The Laura Plantation story: Vacherie landmark telling detailed slave history

Published 12:04 am Saturday, August 5, 2017

VACHERIE — Since opening to the public in 1994, the owners of Laura Plantation have never shied away from its history of slavery.

The thousands of visitors to the former working sugar plantation have always heard an honest story of the people who lived and worked there, including the hundreds of slaves and their roles on the farm.

“Visitors come here with a very blurry view of slavery,” said Sand Marmillion, who bought the centuries old River Road plantation with her husband, Norman in 1993. “We have always tried to present a fair and balanced picture of the history here, and that included slavery. We had always talked about the slaves here ”

The Marmillions knew all about the Duparc family, which built the Creole-style raised house, and the Locoul family, which later owned the sugar business. Various documents on hand also provided a little information about the slaves.

After an electrical fire nearly destroyed the more than 200-year-old home and wiped out years of research documents, Sand began trying to reconstruct the database that had been built. This time, however, she wanted things to be different.

Sand Marmillion and Katy Shannon worked to turn a few first names of the slaves mentioned in memoirs into the most complete account possible of the men and women who worked there.

“My background is in cultural anthropology, so my approach was based on this academic training,” she said. “I didn’t want just a bunch of folders with documents, I wanted it to be databases. I wanted to know who were all the people who lived and worked here and how did they fit into the community.”

Sand and her collaborator, Katy Shannon, started with crumbs, little more than a few first names of the slaves mentioned in Laura Locoul Gore’s memoirs and some crumbling documents from the former sugar company and the deaths of the former owners.

“The community property laws and forced heirship laws in Louisiana really help when you’re doing research because you have to list everything,” Sand said. “Property owners leave this massive paper trail.”

Over the last decade and more, Sand followed those paper trails until she amassed an incredible amount of knowledge about the slaves of Laura Plantation, who they were, what they did and what happened to them and their families after the Civil War.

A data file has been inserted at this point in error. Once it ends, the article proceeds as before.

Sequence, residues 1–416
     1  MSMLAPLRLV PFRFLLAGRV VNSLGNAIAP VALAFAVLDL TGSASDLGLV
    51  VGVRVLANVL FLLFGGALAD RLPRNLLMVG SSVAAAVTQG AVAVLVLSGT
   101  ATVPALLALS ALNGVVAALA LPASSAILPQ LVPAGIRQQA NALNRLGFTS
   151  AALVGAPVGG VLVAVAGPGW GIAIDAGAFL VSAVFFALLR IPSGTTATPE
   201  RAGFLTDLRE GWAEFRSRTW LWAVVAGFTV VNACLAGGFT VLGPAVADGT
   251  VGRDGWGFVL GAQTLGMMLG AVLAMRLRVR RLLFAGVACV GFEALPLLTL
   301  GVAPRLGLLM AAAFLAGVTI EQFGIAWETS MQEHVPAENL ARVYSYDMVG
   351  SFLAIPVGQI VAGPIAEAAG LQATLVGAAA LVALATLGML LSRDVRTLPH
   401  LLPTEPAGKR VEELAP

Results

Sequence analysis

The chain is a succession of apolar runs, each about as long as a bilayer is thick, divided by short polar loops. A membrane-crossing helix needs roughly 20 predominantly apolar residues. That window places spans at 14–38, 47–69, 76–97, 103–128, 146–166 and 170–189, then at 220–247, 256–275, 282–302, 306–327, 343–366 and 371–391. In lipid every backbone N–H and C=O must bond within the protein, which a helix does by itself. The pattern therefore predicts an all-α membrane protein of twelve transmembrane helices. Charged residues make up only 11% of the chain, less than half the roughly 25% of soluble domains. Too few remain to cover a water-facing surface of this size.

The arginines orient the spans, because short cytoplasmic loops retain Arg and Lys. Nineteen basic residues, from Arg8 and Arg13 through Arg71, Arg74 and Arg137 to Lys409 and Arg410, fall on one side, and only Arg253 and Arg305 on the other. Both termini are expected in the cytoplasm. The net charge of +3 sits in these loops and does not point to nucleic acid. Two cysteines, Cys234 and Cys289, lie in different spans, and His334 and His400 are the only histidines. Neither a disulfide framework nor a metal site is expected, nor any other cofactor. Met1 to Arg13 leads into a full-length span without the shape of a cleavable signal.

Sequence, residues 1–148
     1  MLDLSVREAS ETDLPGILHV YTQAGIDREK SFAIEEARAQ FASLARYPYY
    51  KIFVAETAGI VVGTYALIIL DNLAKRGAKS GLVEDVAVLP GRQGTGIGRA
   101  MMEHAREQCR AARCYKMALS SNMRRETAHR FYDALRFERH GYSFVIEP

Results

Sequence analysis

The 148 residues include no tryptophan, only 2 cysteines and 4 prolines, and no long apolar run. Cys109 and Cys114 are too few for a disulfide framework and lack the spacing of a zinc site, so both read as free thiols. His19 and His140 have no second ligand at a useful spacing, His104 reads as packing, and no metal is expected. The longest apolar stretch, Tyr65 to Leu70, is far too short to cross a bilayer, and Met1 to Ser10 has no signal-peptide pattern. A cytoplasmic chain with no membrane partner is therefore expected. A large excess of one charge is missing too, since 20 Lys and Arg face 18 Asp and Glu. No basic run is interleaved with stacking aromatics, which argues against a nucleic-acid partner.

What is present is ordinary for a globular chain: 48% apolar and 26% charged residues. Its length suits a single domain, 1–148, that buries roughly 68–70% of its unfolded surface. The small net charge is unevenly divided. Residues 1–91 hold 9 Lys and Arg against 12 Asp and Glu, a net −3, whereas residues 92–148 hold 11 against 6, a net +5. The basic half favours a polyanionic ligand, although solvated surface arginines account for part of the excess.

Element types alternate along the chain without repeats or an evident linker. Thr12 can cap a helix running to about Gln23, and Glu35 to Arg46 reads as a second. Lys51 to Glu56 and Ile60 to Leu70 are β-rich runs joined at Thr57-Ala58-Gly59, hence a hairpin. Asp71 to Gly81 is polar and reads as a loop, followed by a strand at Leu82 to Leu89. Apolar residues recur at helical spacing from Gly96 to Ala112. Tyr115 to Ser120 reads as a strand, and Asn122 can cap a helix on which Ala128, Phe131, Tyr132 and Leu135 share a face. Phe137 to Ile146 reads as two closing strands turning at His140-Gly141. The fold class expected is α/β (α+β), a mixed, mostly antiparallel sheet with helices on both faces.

“We were able to find their origins and then see what happens to them over time,” she said. “We began to understand what were the jobs on the plantation. Now remember, I’m not looking at a timeline, I’m looking at a community.”

In “The Red Room” dozens of slave bills of sale are mounted on red backgrounds, along with several newspaper advertisements and handbills offering rewards for runaway slaves.

The result is a stunning exhibit titled, “From the Big House to the Quarters: Slavery on Laura Plantation,” which tells a rich story of the enslaved people who lived there and even reaches toward their descendants who are still in the area.

The exhibit, which includes everything from a large collection of tools to mundane household items, photographs and documents, is divided into themes: domestic life, family, health, religion, skilled labor, the field, runaways, the Civil War, Reconstruction and the slave trade.

The most moving section is what Sand calls “The Red Room,” which contains dozens of copies of actual bills of sale for hundreds of human beings along with advertisements offering rewards for runaways, each mounted on a red background.

“This is human trafficking,” Sand said.

The permanent exhibit opened in February in one of the 12 original buildings listed on the National Register of Historic Places.

Visitors also can tour the bright red and yellow big house, which is filled with antiques, some donated by descendants of the original families, slave cabins, overseer’s cottages.

Sand hopes the exhibit will offer a truer picture of slavery and, specifically, those who lived, worked and died at Laura Plantation.

“A lot of our visitors want to ask us very broad questions,” Sand said. “We don’t want to give broad answers. We want to give very specific answers. Who were these people and what were their jobs? What were they doing on this property? There were hundreds of people who lived and worked here and they were not a broad, unknown group of individuals. They were real people.”

The Plantation Store ticket office opens at 9:30 a.m. for guided tours only. The approximately 75-minute tours begin at 10 a.m. The last tour begins at 4 p.m.

Tickets are $20 for adults, $6 for children ages 6-17. Children 5-under are admitted free. Reservations are available for groups of 20 or more.

Call 225-265-7690 for more information or visit